World Trade Center steel aimed for Sept. 11 memorial starts cross-country trip

WASHINGTON — Sixteen tons of steel taken from the ruins of the World Trade Center towers sat idly on the back of a flatbed truck Tuesday, held in place by industrial strength cording.

On Sept. 11, the once straight, solid beams eventually gave way to the stress from the collapsing towers. The only menace the twisted metal beams now posed was as a painful reminder of what happened that day.

The steel is traveling across the country as part of a tour to promote "Freedom’s Flame," a proposed memorial to the 71 law enforcement workers who died in the collapse of the twin towers in New York.

The World Trade Center steel was on display across the street from the National Law Enforcement Officers Memorial Park during a brief midday ceremony in which organizers placed a wreath next to the inscribed names of the officers who died that day.

The organizers, from Southern California, hope to build a memorial in Rancho Cucamonga, Calif., that incorporates the steel and later construct a duplicate memorial to be donated to New York City. They estimate construction of the two memorials will take three years and cost $9 million.

"We could have just taken this metal and shipped it on a train back to California, but that’s not the point," said Chuck Williams, director of the project. "The purpose of Freedom’s Flame is to remind people to never, never, never, never forget. We have too much forgetting in this country."

People nationwide saw the terrorist attacks unfold on their television screens, Williams said, "but when they actually see that twisted steel, they understand the power of what the terrorists did on American soil to the people in those buildings."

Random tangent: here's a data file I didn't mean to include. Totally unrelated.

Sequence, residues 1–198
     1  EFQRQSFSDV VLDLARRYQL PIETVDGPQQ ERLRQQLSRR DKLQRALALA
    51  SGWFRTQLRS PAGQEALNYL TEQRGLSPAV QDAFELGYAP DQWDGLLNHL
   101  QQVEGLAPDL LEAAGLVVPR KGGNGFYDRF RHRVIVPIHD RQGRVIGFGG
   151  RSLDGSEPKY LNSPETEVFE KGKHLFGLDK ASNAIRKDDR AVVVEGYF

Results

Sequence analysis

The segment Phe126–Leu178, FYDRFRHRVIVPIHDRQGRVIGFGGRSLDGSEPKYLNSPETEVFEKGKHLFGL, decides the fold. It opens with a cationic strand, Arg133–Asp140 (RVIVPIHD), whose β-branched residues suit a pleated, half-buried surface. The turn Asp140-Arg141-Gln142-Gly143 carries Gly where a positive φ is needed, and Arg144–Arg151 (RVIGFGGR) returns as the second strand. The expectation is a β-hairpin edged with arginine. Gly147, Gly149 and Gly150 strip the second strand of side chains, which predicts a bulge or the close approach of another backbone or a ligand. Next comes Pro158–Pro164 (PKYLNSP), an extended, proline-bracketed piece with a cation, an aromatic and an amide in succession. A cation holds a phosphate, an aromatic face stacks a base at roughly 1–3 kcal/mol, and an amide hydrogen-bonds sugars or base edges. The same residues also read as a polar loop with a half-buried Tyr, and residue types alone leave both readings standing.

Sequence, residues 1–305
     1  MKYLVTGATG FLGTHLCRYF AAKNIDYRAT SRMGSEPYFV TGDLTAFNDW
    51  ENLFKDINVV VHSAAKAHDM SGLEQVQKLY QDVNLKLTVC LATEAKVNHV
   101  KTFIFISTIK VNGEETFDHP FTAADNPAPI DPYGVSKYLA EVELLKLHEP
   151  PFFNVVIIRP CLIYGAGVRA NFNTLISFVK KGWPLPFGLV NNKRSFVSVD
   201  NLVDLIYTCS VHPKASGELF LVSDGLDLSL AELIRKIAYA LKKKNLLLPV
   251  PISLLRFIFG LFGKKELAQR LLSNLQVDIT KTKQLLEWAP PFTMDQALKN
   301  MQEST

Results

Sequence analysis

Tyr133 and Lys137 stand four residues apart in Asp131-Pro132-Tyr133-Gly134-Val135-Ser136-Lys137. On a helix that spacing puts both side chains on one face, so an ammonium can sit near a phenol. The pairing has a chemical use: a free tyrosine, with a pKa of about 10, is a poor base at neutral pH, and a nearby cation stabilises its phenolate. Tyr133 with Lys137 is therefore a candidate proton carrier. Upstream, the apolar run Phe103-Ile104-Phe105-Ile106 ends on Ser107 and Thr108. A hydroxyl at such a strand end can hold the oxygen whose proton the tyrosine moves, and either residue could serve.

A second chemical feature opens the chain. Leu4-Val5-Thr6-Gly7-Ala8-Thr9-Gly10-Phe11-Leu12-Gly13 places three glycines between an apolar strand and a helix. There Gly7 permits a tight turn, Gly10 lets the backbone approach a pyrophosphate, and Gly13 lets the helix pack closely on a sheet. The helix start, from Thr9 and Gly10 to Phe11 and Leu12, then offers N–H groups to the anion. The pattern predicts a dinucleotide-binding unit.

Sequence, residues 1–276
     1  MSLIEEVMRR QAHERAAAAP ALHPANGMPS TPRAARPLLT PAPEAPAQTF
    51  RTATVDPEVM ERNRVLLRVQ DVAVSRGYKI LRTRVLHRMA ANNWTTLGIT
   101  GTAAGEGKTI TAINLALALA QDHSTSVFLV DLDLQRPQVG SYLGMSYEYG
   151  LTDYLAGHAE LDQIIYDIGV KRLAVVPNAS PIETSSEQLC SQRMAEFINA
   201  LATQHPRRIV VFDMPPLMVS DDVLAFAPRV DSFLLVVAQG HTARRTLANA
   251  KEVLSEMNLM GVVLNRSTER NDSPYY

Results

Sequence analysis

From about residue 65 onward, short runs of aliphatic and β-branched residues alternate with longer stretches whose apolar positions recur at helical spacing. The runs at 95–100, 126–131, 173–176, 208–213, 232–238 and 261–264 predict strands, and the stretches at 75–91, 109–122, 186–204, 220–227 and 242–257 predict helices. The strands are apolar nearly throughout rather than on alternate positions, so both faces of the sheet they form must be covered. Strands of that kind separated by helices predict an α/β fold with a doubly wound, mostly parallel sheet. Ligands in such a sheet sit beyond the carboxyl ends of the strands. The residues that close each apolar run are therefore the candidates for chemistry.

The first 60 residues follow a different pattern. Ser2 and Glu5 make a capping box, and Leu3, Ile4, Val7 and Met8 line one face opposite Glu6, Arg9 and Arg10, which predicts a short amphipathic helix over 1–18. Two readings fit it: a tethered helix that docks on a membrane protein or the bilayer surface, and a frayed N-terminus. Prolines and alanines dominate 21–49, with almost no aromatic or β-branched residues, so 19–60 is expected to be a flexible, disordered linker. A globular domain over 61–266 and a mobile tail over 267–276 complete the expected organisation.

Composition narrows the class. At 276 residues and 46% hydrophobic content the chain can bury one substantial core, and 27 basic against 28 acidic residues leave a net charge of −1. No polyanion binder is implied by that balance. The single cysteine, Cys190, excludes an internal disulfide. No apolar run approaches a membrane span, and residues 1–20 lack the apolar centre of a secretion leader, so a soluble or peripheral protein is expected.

The design proposed by architect William Lecky, who was involved in the creation of the Vietnam Veterans and Korean War Veterans memorials, has 30 7-foot figures ascending and descending a staircase that wraps around a giant stainless steel flame.

Survivors would be shown rushing down the stairs and leaving the scene, while police officers and firefighters rush up the stairs to help others.

The flame and the base would form a sundial charting each tragic event of Sept. 11, from the time the first plane hit to the time the second tower fell. The time of each event would be carved into the base of the memorial.

The stainless steel used to build the memorial would be cast in gray to mimic the ash and smoke that covered Ground Zero. The steel beams currently touring the county would be used in the memorial’s inner structure.

The memorials would also include a fragment of limestone from the Pentagon and "something from Shanksville," Lecky said, referring to Shanksville, Pa., the crash site of the fourth hijacked plane.

Tuesday was the second day of the 11-day cross-country tour that will wind up in Southern California on Independence Day. A charter bus trailing the flatbed truck carried a message in 5-foot-tall white letters on its sides.

The sign read, "Let’s Roll," words said by Todd Beamer of Cranbury, N.J., who with other passengers challenged the hijackers of the airplane that went down near Shanksville. The nation has embraced those words as an expression of determination.
© 2002, McClatchy/Tribune Information Services